The skeletal method referred to above also has shortcomings. When reproducing an outline from more widely separated data points, the linking formula becomes complex. Purely predictive calculation is time-consuming and frequently ambiguous. It is possible for a nicely calculated, smoothed path linking several accurate data points still not to match the outline of the artist's design. This is particularly so where the designer has included a slight discontinuity of curve, which although it is barely perceptible in isolation, is a visible feature of the completed character. Any such subtlety which fails to coincide with the grid may therefore not be recorded at all.
Known typesetting machines based upon the use of these methods are not able to exploit the subtlety of traditional typography over its full design range in all its various sizes. In the known machines, re-sizing is usually accomplished by discarding information and also the available resolution. The known machines are also relatively inflexible. Although slanting and stretching of characters is possible, this often causes perceptible design distortion which has meant that it has not been possible to reproduce the original type face faithfully throughout the whole range of point sizes.
The present invention is based upon an appreciation of the following design factors:
1. The "outline" of a character defines most of the visible identity of a character, and defects are less tolerable upon the outline than within the outline;
2. A striped or dotted image, in any resolution, is improved when enclosed within a continuous line;
3. In any type face, the elements of the character must be thicker in the smaller sizes and their aspect ratio has to be widened;
4. When dealing with type faces, ascenders and descenders must all be re-proportioned within the image in the smaller point sizes.
It is an object of the present invention therefore to provide apparatus for and a method of reproducing character images so that the recreated image has a smoothly continuous outline, and not, as is conventional, an outline made up from a discontinuous assembly of adjacent stripes or dots.
It is another object of the invention to effect character reproduction by constructing and manipulating an extravagantly resolved outline, usually with subsequent automatic infilling of the outline.
The essence of the present invention lies in the way in which the extravagantly described outline of a character is constructed and manipulated. The desired sequential outline is achieved by selecting randomly addressable sections (hereinafter referred to as links) of a predetermined curve, and then re-orientating the links to the correct orientation for successive links to join perfectly into the desired sequential outline.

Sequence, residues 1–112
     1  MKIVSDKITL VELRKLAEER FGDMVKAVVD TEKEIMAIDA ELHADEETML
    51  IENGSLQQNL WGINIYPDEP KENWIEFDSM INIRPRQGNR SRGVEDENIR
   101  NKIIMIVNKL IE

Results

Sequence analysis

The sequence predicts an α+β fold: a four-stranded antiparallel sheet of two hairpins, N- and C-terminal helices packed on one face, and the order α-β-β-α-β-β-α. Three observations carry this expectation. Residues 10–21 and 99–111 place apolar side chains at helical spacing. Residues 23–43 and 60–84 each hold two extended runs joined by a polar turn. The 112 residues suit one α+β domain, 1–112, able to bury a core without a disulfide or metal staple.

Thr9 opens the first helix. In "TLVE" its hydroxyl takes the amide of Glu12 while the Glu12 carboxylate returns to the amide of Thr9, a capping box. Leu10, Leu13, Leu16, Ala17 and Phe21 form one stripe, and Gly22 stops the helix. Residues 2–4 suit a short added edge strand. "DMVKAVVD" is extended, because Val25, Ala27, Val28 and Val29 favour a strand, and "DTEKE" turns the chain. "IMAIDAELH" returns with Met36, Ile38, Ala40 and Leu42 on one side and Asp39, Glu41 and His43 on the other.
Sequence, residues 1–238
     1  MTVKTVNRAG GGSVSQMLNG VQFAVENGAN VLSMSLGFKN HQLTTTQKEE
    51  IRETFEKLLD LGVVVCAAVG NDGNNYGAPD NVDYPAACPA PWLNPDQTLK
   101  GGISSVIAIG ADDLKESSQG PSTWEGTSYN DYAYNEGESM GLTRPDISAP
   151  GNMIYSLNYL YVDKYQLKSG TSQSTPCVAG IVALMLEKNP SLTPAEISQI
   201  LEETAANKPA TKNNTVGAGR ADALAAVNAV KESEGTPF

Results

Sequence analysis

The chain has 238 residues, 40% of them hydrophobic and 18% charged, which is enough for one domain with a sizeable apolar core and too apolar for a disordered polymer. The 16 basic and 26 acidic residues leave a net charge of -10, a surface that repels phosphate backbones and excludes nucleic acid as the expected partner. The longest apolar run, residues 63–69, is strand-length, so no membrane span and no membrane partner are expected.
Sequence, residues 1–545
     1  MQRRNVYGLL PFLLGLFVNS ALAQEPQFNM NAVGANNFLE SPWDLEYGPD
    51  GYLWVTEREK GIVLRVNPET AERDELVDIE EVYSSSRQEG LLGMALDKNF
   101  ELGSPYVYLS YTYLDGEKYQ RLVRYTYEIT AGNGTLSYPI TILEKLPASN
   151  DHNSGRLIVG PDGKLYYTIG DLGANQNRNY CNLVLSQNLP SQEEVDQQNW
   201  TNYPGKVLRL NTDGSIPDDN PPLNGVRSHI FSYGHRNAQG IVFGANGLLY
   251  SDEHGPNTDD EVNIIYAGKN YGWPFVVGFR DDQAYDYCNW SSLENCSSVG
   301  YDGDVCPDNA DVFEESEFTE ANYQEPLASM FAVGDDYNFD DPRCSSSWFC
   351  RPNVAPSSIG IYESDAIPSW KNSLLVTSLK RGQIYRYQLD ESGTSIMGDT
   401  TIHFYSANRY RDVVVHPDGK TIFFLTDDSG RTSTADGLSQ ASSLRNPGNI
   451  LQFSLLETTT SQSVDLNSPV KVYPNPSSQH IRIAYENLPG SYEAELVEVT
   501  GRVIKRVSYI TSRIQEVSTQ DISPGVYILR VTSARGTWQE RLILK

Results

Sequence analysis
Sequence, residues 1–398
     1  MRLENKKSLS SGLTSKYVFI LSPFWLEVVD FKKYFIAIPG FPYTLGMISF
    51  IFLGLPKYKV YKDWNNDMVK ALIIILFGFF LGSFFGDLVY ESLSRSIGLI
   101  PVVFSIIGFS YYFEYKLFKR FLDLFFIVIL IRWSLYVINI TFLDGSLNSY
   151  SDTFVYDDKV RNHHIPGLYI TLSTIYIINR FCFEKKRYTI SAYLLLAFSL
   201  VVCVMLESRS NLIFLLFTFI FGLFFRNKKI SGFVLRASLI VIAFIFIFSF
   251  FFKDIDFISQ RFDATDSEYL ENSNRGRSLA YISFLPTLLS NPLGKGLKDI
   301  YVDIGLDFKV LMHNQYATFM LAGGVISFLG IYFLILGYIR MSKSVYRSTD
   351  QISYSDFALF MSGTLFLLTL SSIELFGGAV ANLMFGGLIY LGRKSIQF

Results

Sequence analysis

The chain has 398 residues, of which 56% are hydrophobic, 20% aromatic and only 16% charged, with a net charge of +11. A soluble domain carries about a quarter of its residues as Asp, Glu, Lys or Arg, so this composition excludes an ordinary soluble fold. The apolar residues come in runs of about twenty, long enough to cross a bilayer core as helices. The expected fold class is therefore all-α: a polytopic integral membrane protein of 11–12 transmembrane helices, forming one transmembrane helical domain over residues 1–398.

In accordance with the present invention there is provided a method of reproducing a character image as a visible image which comprises:
(a) storing sections of a predetermined curve as a series of vector step instructions in a randomly addressable memory;
(b) selecting appropriate ones of said stored curve sections to match the parameters of the outline of the character to be reproduced;
(c) orientating the individual selected sections to produce a modified sequence of step instructions; and,
(d) using the modified step instructions to control an incrementing plotter to trace a finely resolved sequential character outline.
Also in accordance with the present invention there is provided apparatus for reproducing a character image as a visible image, the apparatus comprising a randomly addressable memory holding a sequential record of vector steps representative of incremental sections along the length of a predetermined curve, means to address the memory to generate a series of vector step instructions matched to the outline of the character to be reproduced, rotator means arranged to orientate the individual steps and produce a modified sequence of step instructions according to the desired re-orientation, and an incrementing plotter driven by said modified step instructions to trace a finely resolved sequential character outline.
By picking out extremely small sections of an appropriate predetermined curve, and re-orientating these links as necessary, one can create an infinite number of characters from just the one curve. The curve thus acts as an electronic template, enabling one to build up characters according to any desired design. As will be described later, the curve is preferably a spiral stored electronically as 16,384 individual steps, and the re-orientation or rotation process which is carried out on the selected links enables any one selected link to be placed in any of 4096 possible orientations. A complete set of links, processed by the electronic template and the rotator, is quite sufficient for any incrementing plotter, whether a cathode ray tube or a mechanical plotter, accurately to recreate the outline. All the links will be perfectly joined, each one starting where the preceding link terminates.